Croatia

   

Policy Performance

#36

Economic Policies

#40
Despite a restoration of economic growth, Croatia’s overall score for economic policies places it in the bottom ranks (rank 40) in international comparison. Its score on this measure has improved by 0.1 point since 2014.

After six years of recession, economic growth returned in 2016, with robust growth seen again in 2016. Tourism gains, recovery in the EU and falling oil prices all served as positive forces. Public debt levels are high, but deficits have been reduced to moderate levels. Little progress has been made with regard to economic reforms.

Unemployment rates have fallen substantially from very high levels. However, this is largely due to labor emigration. Active labor-market programs have been relatively effective, but were in large part suspended in 2016. Job creation is a weakness.

The VAT rate is extremely high, with tax evasion common. A newly passed taxation package will simplify personal and corporate income tax, and introduce a property tax. The rate of non-performing loans is dropping, and access to credit for SMEs has improved. The business sector relies on the government to fund R&D.

Social Policies

#34
With significant inclusion concerns, Croatia scores relatively poorly overall (rank 34) in the area of social policies. Its score on this measure has improved by 0.1 point relative to 2014.

The education system is inefficient, with outcomes lagging behind EU standards. A high-profile curriculum reform was derailed by politics, and vocational education programs are decoupled from market demands. Poverty and social exclusion are major problems. Some war-affected areas have not yet recovered economically.

The health care system is inclusive, but quality varies widely by region, and the system runs deficits. Co-payments are increasingly common. Maternity benefits are generous, but child-care coverage is limited. Labor-market discrimination against younger women and women with children is widespread.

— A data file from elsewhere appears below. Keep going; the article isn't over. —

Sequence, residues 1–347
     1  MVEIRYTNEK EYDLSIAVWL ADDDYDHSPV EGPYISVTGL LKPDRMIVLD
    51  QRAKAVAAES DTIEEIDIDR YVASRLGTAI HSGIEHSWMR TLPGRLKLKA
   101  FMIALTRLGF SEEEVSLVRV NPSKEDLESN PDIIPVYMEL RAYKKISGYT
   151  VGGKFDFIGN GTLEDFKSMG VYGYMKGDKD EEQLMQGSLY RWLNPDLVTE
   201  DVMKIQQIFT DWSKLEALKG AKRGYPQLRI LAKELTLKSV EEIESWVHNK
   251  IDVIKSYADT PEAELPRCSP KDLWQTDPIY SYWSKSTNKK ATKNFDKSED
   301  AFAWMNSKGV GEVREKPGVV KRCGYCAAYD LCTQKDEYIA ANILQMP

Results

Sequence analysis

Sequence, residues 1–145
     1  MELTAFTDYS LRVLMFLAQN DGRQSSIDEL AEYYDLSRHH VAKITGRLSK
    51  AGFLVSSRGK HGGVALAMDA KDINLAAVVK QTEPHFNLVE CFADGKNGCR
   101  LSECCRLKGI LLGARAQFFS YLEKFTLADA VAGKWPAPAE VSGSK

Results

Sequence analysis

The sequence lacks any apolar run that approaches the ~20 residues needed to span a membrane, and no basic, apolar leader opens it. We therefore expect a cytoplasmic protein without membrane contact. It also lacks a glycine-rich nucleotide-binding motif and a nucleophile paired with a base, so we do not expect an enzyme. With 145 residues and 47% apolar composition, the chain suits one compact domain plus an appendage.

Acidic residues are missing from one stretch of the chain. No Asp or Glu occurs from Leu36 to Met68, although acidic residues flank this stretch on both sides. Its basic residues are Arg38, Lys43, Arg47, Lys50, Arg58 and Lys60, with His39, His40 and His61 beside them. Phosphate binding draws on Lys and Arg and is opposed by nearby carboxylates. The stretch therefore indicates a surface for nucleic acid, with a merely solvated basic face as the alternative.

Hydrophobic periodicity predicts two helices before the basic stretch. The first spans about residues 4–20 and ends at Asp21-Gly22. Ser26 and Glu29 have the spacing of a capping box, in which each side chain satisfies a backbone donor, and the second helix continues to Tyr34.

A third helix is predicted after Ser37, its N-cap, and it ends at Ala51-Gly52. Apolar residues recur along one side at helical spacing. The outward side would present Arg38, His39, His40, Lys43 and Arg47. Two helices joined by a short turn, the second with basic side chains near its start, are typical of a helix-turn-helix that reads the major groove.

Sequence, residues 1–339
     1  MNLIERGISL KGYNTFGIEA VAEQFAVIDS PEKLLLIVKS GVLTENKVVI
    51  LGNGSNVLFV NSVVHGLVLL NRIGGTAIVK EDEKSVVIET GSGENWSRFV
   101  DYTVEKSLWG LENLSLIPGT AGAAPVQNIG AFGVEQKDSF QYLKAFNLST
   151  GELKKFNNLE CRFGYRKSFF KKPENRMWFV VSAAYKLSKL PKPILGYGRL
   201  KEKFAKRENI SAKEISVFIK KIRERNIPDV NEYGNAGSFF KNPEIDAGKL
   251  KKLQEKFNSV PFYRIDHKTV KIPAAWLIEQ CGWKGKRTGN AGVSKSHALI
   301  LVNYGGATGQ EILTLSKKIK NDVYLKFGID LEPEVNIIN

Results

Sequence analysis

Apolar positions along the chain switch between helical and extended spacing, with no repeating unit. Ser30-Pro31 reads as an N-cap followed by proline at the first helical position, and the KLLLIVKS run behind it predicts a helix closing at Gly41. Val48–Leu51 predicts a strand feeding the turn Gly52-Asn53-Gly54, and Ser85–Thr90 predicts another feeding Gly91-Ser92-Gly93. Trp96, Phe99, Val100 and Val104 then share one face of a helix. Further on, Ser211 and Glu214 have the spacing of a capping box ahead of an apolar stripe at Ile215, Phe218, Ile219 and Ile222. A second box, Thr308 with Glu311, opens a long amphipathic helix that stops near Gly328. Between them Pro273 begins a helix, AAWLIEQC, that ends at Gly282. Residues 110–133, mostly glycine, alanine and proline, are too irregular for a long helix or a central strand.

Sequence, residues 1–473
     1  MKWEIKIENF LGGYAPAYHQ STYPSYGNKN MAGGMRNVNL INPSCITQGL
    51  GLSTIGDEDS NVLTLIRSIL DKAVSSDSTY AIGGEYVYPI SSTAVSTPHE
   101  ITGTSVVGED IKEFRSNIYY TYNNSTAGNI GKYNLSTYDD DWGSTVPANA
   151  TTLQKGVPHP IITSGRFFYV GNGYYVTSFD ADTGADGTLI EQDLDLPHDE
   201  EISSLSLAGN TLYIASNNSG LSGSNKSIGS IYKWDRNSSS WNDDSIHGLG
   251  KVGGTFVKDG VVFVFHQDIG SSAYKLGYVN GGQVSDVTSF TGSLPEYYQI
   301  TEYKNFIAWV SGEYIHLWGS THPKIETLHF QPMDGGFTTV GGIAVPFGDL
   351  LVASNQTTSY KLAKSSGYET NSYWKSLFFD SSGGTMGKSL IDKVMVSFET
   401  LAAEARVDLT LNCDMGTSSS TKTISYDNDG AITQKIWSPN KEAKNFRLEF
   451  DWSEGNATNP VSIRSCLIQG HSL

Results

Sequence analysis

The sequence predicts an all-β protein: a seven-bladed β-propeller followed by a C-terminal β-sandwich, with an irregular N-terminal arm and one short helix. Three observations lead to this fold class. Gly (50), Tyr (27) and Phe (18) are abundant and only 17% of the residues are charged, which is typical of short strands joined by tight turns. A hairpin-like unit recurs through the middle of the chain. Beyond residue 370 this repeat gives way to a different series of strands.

Recent reforms have improved pension-system sustainability, but pensioner poverty rates are high. Reintegration of ethnic-Serbian returnees remains a problem. The influx of hundreds of thousands of refugees in 2015, most of whom planned to pass through Croatia, did not lead to racist incidents.

Environmental Policies

#20
With new programs in the early phases of implementation, Croatia receives middling overall scores (rank 20) with regard to environmental policies. Its score in this area has declined by 0.3 points relative to 2014.

The country’s environmental policy has been strongly shaped by EU accession. Waste management, water management and air quality are the most important issues. However, program implementation has been slow, and the EU has taken legal action against the country for failing to bring national laws on waste into conformity with EU rules.

The country supports U.N. environmental programs, and works closely with the European Union on related issues. It has reduced its emissions of greenhouse gases, with renewable sources accounting for a 20% share of energy consumption.

Democracy

#34

Quality of Democracy

#33
While electoral procedures are largely fair, Croatia receives comparatively low scores (rank 33) with regard to quality of democracy. Its overall score in this area has improved by 0.2 points relative to 2014.